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Has the Oil Industry Hit Bottom?

Oil Industry Boom Bust History

Everyone whose livelihood depends on the oil industry is, has one question on their mind, have the oil markets hit bottom?

The answer is yes, but first let me share why that narrative is important; then I will outline why I think we have hit bottom.

Once oil company executive psychology shifts from we are still falling to we have finally hit the pavement, they can start executing recovery plans versus continuing triage. This translates into less layoffs and more shoring up of resources (i.e. retention and hiring) to catch the next wave of increasing oil prices.

Fortunately, many oil executives have demonstrated great restraint by not laying off hundreds of thousands of employees like they did back in 2014; when we had our last oil price crash.

Over 500,000 people were laid off from the Oil & Gas industry; it was as brutal a downturn as they get.

Presently, there have been furloughs, reductions in pay and a projected 100,000+ layoffs, but nothing near the multiple hundreds of thousands people cleared off the books in 2014.

What is different now than in 2014?

Part of it is oil company leaders being sensitive to not just depressed oil prices, but also the larger economic contraction due to Covid-19.

Also, oil companies run much leaner now than they did pre-2014.

In 2014, oil was coming off all time highs; prices never before seen in the $130 – $160 per barrel range. At those astronomical prices, it could only go down from there and when it did crash it wiped out the bloat the industry took on to produce as much oil at a price we may never see again.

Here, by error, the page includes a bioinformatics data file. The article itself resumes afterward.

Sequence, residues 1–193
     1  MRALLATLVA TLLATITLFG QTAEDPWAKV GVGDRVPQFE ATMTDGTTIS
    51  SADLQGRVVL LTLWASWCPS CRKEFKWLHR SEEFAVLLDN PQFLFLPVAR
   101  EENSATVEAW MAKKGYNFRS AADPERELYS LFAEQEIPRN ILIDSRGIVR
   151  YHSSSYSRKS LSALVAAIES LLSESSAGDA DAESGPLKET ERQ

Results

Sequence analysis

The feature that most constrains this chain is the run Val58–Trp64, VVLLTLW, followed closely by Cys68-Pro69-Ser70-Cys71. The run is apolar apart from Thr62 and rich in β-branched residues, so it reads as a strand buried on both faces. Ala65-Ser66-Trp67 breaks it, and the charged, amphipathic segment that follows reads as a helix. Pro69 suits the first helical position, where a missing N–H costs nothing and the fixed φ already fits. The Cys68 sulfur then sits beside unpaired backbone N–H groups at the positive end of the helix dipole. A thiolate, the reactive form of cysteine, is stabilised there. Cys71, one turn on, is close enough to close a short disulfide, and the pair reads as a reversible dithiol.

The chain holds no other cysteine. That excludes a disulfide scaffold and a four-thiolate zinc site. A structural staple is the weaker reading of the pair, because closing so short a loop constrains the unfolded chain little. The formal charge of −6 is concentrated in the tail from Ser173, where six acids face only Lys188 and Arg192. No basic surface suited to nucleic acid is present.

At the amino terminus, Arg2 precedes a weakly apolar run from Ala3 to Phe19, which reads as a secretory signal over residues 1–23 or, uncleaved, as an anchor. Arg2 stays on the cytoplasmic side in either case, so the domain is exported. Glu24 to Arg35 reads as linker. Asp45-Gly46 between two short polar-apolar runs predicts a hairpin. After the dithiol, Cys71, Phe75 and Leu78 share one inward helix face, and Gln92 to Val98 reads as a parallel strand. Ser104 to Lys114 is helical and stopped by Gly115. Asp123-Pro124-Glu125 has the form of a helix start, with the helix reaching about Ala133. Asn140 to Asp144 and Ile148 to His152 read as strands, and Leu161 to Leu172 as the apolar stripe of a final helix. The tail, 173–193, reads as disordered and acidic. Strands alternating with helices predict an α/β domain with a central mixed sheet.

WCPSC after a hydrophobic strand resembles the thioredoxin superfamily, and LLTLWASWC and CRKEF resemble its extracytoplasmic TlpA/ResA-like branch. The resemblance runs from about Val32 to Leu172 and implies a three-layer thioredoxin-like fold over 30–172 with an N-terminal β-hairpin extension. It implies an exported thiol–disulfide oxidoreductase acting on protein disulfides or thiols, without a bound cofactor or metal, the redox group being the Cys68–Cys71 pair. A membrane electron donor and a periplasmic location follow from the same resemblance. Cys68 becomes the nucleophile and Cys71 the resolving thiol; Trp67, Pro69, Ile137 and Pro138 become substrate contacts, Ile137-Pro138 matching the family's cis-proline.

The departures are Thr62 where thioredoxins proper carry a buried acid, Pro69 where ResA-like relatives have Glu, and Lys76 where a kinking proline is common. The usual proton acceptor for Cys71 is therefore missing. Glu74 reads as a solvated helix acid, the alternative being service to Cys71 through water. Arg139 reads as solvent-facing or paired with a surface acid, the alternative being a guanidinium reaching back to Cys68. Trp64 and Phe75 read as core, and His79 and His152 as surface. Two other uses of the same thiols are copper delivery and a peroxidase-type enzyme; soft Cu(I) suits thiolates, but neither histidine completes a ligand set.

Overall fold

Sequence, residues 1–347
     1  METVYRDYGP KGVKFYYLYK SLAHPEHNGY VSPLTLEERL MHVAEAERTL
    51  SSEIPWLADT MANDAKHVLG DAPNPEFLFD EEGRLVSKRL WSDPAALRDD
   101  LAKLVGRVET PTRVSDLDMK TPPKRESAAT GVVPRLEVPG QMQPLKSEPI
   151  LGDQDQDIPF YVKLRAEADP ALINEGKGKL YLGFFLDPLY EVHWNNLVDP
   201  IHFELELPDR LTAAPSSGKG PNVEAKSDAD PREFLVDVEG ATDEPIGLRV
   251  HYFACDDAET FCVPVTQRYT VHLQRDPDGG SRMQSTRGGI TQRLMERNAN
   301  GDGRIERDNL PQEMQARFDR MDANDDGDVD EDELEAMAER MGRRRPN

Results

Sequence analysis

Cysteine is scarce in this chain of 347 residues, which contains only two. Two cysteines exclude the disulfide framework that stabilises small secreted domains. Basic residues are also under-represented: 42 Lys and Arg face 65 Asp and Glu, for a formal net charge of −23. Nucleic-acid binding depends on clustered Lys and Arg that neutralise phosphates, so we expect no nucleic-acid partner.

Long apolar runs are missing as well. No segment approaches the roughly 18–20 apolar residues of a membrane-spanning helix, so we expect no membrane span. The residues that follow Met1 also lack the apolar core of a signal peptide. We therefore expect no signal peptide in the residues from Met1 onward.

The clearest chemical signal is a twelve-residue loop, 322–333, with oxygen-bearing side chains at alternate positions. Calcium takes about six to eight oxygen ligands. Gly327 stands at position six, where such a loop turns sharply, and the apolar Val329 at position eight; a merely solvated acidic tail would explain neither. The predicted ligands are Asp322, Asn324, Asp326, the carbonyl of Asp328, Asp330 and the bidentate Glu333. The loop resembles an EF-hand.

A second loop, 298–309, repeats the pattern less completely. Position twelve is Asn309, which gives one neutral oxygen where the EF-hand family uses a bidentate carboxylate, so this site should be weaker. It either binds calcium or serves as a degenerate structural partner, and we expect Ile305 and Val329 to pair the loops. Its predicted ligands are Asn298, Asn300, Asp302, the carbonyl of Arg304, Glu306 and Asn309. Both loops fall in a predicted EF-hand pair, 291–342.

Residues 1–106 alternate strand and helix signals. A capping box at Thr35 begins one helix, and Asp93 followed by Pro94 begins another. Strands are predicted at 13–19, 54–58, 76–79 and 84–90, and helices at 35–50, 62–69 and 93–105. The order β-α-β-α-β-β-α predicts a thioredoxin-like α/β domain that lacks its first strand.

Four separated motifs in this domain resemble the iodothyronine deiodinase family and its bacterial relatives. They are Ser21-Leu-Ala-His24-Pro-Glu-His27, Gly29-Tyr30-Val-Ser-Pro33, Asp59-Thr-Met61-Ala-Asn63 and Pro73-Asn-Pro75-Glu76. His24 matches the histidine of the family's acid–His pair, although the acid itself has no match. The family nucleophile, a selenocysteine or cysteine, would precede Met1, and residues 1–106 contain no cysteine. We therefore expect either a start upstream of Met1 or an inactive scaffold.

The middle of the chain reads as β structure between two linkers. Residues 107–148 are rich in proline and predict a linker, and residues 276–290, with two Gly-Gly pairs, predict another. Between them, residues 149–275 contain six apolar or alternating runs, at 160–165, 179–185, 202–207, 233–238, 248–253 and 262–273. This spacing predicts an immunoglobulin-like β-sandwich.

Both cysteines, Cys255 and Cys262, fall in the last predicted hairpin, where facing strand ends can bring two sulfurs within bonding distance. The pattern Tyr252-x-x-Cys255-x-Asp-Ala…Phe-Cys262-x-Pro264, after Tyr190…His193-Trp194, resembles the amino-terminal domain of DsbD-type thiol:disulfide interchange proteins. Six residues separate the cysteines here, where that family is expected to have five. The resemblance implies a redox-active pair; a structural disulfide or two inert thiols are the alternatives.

It can be argued that the Saudis triggered the 2014 crash in order to squeeze out U.S. shale producers.

However as American ingenuity prevailed, U.S. shale producers figured out how to produce oil at $30+ / barrel.

This lead to the U.S. blasting into the front of the global oil production line.

But, before the U.S. claimed the title of world’s top oil producer, Russia and OPEC struck a deal in 2016 to curb production. This stabilized the market and paved the way for the United States to freely produce massive amounts of oil from U.S. shale plays; while Russia and OPEC had one hand tied.

Fast forward to 2020 and that deal from 2016 was set to expire on April 1st, 2020. This time, it was Russia who was unhappy with losing to the U.S. in oil production so they refused to honor continuation of cuts beyond April. In response, Saudi declared they too would then produce as much oil as they wanted without a deal; the rest of OPEC got in line leading to a massive oversupply; exacerbated by Covid-19’s job on global demand.

It was really the perfect storm but its a rational storm. The causes make sense and oil didn’t fall from absurd price levels like in 2014. Therefore the road back to $50 – $70  per barrel isn’t as steep of a climb.

Back in 2014, the industry was severely bloated from a full plate of oil at $160 per barrel. In 2020, companies were still running fairly lean because of the lessons learned on the dangers of bloat back in 2014.